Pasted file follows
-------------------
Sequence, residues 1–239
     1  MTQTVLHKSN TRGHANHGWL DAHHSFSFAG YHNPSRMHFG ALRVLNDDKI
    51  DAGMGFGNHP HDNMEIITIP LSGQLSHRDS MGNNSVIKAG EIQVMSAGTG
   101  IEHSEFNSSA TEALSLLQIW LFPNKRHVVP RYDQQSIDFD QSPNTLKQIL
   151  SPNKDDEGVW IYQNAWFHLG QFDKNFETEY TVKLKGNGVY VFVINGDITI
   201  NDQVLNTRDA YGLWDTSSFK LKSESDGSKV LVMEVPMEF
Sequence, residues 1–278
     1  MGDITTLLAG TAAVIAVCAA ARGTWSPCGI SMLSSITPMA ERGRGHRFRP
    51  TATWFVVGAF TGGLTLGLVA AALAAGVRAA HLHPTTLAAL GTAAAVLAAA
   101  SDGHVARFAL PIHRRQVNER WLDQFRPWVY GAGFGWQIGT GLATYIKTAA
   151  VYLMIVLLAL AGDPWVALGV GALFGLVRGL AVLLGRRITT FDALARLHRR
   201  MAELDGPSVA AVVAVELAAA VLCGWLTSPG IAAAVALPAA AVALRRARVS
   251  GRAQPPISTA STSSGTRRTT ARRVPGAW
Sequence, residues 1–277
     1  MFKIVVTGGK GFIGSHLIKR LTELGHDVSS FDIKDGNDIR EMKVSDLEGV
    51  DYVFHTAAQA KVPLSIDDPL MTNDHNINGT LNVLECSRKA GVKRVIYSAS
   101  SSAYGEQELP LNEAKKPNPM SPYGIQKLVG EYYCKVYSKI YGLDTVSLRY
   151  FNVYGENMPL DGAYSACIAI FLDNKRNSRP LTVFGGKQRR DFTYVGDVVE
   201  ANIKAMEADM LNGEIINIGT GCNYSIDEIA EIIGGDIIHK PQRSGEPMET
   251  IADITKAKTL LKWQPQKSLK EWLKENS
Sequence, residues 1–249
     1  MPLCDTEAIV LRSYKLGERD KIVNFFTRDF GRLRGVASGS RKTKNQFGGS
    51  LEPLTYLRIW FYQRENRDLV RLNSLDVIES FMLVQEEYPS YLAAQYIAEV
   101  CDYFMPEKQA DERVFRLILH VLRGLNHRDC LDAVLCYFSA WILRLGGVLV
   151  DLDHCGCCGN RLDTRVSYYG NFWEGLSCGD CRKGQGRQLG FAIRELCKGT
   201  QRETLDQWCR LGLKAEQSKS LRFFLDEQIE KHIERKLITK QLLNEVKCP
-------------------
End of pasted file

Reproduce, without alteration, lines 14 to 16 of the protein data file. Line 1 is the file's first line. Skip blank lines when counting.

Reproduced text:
Sequence, residues 1–277
     1  MFKIVVTGGK GFIGSHLIKR LTELGHDVSS FDIKDGNDIR EMKVSDLEGV
    51  DYVFHTAAQA KVPLSIDDPL MTNDHNINGT LNVLECSRKA GVKRVIYSAS